The American Academy of Pediatrics policy statement “The Pediatrician's Role in Community Pediatrics” encourages all pediatricians to partner with their communities to create and disseminate innovative programs that improve child health. This article describes 4 pillars of a bridge to evidence-based community pediatrics for pediatricians interested in pursuing effective community action: (1) collaborate with the community to establish a specific, short-term, health-related goal; (2) identify evidence-based best practice(s) for achieving the shared goal; (3) collaborate with the community to adapt this best practice to the community's unique assets and constraints; and (4) evaluate the project by using appropriate expertise. Practical elements of each pillar are described and illustrated by specific examples from community-based efforts of pediatricians and are accompanied by specific resources to aid pediatricians in their future community health work.
The recent American Academy of Pediatrics (AAP) policy statement “The Pediatrician's Role in Community Pediatrics” encourages all pediatricians to partner with their communities to create and disseminate innovative programs to improve child health.1,2 This policy statement reinforces a growing trend toward community-based action. More than half of all pediatricians report participation in community-based activities, and participation has grown significantly during the past decade.3
In the age of evidence-based medicine, one would expect a surge of community-based pediatric activity to be evidence based as well. Many community-based programs that aim to improve child health, however, are neither evidence based (ie, proven efficacious by controlled trial) or successful (ie, proven effective by regional or national dissemination). Most programs aim to produce long-term changes in health behavior, and such outcomes are difficult to measure. Pediatricians often lack adequate training and support in the behavioral sciences, epidemiology, or program evaluation. Local public health institutions are underfunded to provide this support or have a different focus. Finally, pediatricians do not share an effective mechanism for identifying and disseminating best practices in community-based pediatrics.
Despite these obstacles to practicing evidence-based community pediatrics, clinicians are building a base to support the bridge from evidence-based bedside practice to evidence-based neighborhood practice (see Fig 1). Community-based child health interventions have not been systematically reviewed, but a survey of the medical literature demonstrates increased concern with documenting their efficacy. A Medline search under the keywords “community,” “pediatrics,” and “evaluation” produced 56 publications in the past 10 years, compared with only 23 publications from the previous 30 years. These most recent publications reveal that pediatricians engaged in successful pediatrician-community partnerships share the following common ground:
They are open to treating disease outside of the traditional biomedical model.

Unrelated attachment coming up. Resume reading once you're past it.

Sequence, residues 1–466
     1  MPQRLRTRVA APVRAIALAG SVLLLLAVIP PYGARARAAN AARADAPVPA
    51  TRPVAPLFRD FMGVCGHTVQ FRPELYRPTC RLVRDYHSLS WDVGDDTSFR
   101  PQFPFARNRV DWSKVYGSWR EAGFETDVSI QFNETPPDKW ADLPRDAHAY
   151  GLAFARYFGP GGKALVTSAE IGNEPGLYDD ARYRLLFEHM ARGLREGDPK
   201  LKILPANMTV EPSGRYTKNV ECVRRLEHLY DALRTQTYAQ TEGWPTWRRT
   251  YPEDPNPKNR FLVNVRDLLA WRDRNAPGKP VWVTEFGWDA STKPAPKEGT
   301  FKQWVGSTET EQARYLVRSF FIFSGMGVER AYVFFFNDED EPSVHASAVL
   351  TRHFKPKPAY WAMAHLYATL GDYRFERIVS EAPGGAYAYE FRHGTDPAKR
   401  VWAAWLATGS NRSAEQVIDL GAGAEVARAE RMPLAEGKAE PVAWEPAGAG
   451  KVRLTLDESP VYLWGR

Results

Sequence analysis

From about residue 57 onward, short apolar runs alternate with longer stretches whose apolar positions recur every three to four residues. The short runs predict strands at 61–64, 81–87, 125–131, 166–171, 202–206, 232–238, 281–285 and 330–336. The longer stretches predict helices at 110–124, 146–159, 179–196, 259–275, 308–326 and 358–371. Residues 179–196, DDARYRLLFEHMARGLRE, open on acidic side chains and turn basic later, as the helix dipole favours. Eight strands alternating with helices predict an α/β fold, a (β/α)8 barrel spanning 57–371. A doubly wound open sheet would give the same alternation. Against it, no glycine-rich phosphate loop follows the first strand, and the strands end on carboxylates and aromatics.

They identify local information about the assets and needs of the community, as well as national information on the best practices for addressing the problem.
They establish strong partnerships with community members from outside the medical world.
They often work in collaboration with an academic medical facility.
EVIDENCE-BASED COMMUNITY PEDIATRICS: THE 4 PILLARS OF THE BRIDGE FROM BEDSIDE TO NEIGHBORHOOD
This article describes 4 pillars of a bridge to evidence-based community pediatrics, a guide for any pediatrician interested in pursuing effective community action. This bridge is informed by the medical literature, existing national resources, and our practical experience. The bridge is a reflection, in part, of 2 years of lessons learned from Child Health Advocacy for Miami Pediatricians (CHAMP), a program designed to fund community-based pediatric research projects through the University of Miami Jackson Memorial Medical Center (see Appendix 1). These 4 pillars are important to all pediatricians (generalist or specialist, academic or nonacademic) who want to apply best practices to community action.
Pillar 1: Collaborate With the Community to Establish a Specific, Short-Term, Health-Related Goal
Maintaining focus on a single, meaningful, measurable health outcome is a critical pillar. One review of academic-community partnerships describes the following important steps in building successful pediatrician-community partnerships that allow to focus on health outcomes4:
Recognize the community as a source of identity. More than a shared geography, a community represents a shared set of symbols, values, norms, interests, and needs. Successful projects strengthen this sense of community. For example, the Community-Campus Partnerships for Health provides regional trainings, online guides, and telephone support to facilitate physician-community collaboration.5
Identify the community's assets. These assets may include passionate community members, public parks, volunteer associations, a network of child care centers, school principals, religious groups, or dance troops.